=head1 NAME

Net::IMAP::SimpleX - Addons for Net::IMAP::Simple

=head1 SYNOPSIS

    use strict;
    use warnings;
    use Net::IMAP::SimpleX;

L<Net::IMAP::SimpleX> uses L<Net::IMAP::Simple> as a base so the object creation
is the same as it is for the ancestor:

    my $imap = Net::IMAP::SimpleX->new('imap.example.com') ||
       die "Unable to connect to IMAP: $Net::IMAP::Simple::errstr\n";

    $imap->select("INBOX");

L<Net::IMAP::SimpleX> is a collection of handy methods that are
not simple, require L<Parse::RecDescent>, or are experimental.

=head1 DESCRIPTION

This module adds some useful, yet not so simple, extensions on top of
L<Net::IMAP::Simple>.

=head1 METHODS

=over 4

=item new

For details on the invocation, read L<Net::IMAP::Simple>.

=item body_summary

Typical invocations will take this overall shape.

    # get an object representation of the message body
    my $summary = $imap->body_summary($message_number);

    # multipart message
    if ($summary->has_parts) {
        for my $subpart ($summary->parts) {
            if ($subpart->has_parts) { ... }
            # examine the message part
            my @attr = map { $subpart->$_ } qw/content_type encoding encoded_size/;
            # fetch the raw message part
            my $subpart_body = $imap->get($message_number, $subpart->part_number);
        }
    } else {
        my $body = $summary->body;
        my @attr = map { $body->$_ } qw/content_type encoding encoded_size/
    }


This method returns a simple object that contains a representation of the body
of a message.  The object is built by a L<Parse::RecDescent> parser using the
output of an IMAP I<fetch body> command.  The parser uses the formal syntax as
defined by RFC3501 L<http://tools.ietf.org/html/rfc3501#section-9>.

    my $body = $summary->body;
    my @attr = map { $body->$_ } qw/
        content_description
        encoded_size
        charset
        content_type
        part_number
        format
        id
        encoding
    /;


For multipart messages, the object contains sub-objects for each message part,
accessible via the parts() method and inspected via the has_parts() method.
The type method describes the type of multipart (such as mixed or alternative).
The parts method returns a list of sub parts, which themselves may have
subparts, and so on.

An example of a multipart, alternative message with a text body and an html
version of the body would looke something like:

    if ($summary->has_parts) {
        if ($summary->type eq 'alternative') {
            my ($html) = grep { $_->content_type eq 'text/html' } $summary->parts;
        }
    }

A really complex, multipart message could look something like this:

    if ($summary->has_parts && $summary->type eq 'mixed') {

        for my $part ($summary->parts) {
            if ($part->has_parts && $part->type eq 'mixed') { ... }
            ...
        }

    }

=item fetch

The fetch command returns the various parts of messages that users request.  It
is fairly complicated (following RFC3501 using a grammar/parser), but there are
some basic patterns that it follows.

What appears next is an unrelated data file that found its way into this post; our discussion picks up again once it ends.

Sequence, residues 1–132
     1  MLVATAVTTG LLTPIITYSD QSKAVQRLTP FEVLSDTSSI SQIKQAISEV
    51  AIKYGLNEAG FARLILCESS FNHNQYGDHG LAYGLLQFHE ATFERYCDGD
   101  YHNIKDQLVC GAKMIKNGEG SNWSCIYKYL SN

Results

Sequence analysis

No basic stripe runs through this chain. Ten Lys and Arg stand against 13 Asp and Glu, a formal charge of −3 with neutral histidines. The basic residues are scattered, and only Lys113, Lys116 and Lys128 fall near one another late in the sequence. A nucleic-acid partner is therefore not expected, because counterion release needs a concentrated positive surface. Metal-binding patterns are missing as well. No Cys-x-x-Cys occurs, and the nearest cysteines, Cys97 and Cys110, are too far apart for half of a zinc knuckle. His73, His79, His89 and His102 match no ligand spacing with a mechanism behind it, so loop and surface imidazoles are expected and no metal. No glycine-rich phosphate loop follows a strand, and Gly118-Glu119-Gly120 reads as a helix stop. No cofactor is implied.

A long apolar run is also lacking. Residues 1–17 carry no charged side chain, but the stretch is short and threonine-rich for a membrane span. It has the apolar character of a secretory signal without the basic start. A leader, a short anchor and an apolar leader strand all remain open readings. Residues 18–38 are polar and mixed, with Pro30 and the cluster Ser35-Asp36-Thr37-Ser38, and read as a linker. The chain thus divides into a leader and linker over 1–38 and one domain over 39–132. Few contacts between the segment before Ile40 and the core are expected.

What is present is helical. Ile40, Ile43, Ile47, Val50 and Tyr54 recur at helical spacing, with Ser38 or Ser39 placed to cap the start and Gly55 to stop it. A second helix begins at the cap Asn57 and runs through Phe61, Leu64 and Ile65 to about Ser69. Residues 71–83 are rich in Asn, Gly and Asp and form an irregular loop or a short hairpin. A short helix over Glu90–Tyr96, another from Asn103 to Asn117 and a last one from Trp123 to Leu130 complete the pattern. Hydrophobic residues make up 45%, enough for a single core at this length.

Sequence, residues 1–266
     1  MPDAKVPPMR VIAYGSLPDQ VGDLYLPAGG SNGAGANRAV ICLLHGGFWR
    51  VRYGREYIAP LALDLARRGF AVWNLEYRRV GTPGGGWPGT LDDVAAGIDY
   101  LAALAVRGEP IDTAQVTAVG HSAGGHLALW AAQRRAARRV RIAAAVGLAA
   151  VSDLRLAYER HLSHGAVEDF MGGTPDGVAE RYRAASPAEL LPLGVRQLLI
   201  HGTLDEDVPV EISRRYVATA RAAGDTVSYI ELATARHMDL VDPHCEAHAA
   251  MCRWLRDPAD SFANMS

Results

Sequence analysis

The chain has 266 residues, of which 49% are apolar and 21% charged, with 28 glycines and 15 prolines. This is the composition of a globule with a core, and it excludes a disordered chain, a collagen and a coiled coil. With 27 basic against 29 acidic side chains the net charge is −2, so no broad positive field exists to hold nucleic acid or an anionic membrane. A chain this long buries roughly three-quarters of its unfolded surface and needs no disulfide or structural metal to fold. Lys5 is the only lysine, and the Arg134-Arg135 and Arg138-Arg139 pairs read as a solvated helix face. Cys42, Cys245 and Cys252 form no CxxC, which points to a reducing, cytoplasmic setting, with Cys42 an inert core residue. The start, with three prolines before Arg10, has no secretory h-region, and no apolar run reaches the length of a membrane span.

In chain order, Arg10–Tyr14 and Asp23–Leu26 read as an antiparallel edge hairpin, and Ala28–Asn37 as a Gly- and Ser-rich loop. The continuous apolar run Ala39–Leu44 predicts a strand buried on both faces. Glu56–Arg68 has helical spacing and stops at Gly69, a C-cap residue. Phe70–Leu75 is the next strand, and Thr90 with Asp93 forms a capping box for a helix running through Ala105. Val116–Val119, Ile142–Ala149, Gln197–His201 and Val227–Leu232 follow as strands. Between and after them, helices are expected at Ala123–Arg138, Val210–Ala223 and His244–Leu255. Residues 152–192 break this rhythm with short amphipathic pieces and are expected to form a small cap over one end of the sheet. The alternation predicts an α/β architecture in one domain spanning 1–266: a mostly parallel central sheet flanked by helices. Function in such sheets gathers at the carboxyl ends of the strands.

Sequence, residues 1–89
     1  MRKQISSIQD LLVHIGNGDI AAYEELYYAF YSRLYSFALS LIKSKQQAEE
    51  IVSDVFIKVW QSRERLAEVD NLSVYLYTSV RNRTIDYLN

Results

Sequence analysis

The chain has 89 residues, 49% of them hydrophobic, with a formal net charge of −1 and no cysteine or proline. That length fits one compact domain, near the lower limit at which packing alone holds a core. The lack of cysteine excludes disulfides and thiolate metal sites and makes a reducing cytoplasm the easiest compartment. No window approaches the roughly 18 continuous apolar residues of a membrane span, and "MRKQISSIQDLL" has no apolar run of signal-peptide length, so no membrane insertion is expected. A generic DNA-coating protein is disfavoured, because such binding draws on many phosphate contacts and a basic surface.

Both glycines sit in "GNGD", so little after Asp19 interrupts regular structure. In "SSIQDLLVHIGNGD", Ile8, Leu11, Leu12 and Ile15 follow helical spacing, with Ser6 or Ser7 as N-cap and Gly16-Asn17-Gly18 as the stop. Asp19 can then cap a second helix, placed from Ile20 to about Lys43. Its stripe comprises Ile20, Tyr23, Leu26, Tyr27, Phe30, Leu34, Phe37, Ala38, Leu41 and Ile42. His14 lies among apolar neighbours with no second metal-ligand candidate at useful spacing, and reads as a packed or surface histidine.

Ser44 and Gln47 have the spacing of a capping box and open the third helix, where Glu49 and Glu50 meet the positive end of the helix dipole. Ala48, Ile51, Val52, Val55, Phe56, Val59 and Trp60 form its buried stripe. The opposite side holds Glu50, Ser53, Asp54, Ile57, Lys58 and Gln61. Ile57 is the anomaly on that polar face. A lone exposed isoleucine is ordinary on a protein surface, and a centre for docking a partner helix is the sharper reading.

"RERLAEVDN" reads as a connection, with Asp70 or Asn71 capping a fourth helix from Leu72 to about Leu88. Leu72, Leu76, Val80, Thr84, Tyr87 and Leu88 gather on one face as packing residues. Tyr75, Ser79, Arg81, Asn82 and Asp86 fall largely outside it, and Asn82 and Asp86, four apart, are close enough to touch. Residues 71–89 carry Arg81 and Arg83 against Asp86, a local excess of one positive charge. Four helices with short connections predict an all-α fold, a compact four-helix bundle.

my $res  =$imap->fetch('30:32' => 'UID BODY.PEEK[HEADER.FIELDS (DATE)] FLAGS')
    # $res = {
    #   30 => {
    #           "BODY[HEADER.FIELDS (DATE)]" => "Date: Sun, 18 Jul 2010 20:54:48 -0400\r\n\r\n",
    #           "FLAGS" => ["\\Flagged", "\\Seen"],
    #           "UID" => 58890,
    #         },
    #   31 => {
    #           "BODY[HEADER.FIELDS (DATE)]" => "Date: Wed, 21 Jul 2010 09:09:04 -0400\r\n\r\n",
    #           "FLAGS" => ["\\Seen"],
    #           "UID" => 58891,
    #         },
    #   32 => {
    #           "BODY[HEADER.FIELDS (DATE)]" => "Date: Sat, 24 Jul 2010 05:12:06 -0700\r\n\r\n",
    #           "FLAGS" => ["\\Seen"],
    #           "UID" => 58892,
    #         },
    # }

So-called "parenthized" lists will be returned as an array (see C<FLAGS>) but
nearly everything else will come back as strings.  This includes parenthized
queries.  Take C<BODY.PEAK[HEADER.FIELDS (DATE FROM SUBJECT)]>), for example.
The result would come back as the RFC822 header lines (as the above C<Date: Sun,
...> has done).

For more information about the different types of queries, see RFC3501.  There's
a surprising number of things that can be queried.

=item uidfetch

This is roughly the same thing as the C<fetch()> method above, but the query
runs on UIDs instead of sequence numbers.  The keys of the C<$res> are still the
sequence numbers though.

    my $res  =$imap->fetch('58890' => 'UID BODY.PEEK[HEADER.FIELDS (DATE)] FLAGS')
    # $res = {
    #   30 => {
    #           "BODY[HEADER.FIELDS (DATE)]" => "Date: Sun, 18 Jul 2010 20:54:48 -0400\r\n\r\n",
    #           "FLAGS" => ["\\Flagged", "\\Seen"],
    #           "UID" => 58890,
    #         },
    #   ...

=back

=head1 AUTHOR

=over 4

=item INITIAL AUTHOR

Jason Woodward C<< <woodwardj@jaos.org> >>

=item ADDITIONAL CONTRIBUTIONS

Paul Miller C<< <jettero@cpan.org> >>  [I<fetch()>]

=back

=head1 COPYRIGHT

Copyright (c) 2010 Jason Woodward

All rights reserved. This program is free software; you can redistribute it
and/or modify it under the same terms as Perl itself.

=head1 LICENSE

This module is free software.  You can redistribute it and/or
modify it under the terms of the Artistic License 2.0.

This program is distributed in the hope that it will be useful,
but without any warranty; without even the implied warranty of
merchantability or fitness for a particular purpose.

=head1 BUGS

L<https://rt.cpan.org/Dist/Display.html?Queue=Net-IMAP-Simple>

=head1 SEE ALSO

L<perl>, L<Net::IMAP::Simple>, L<Parse::RecDescent>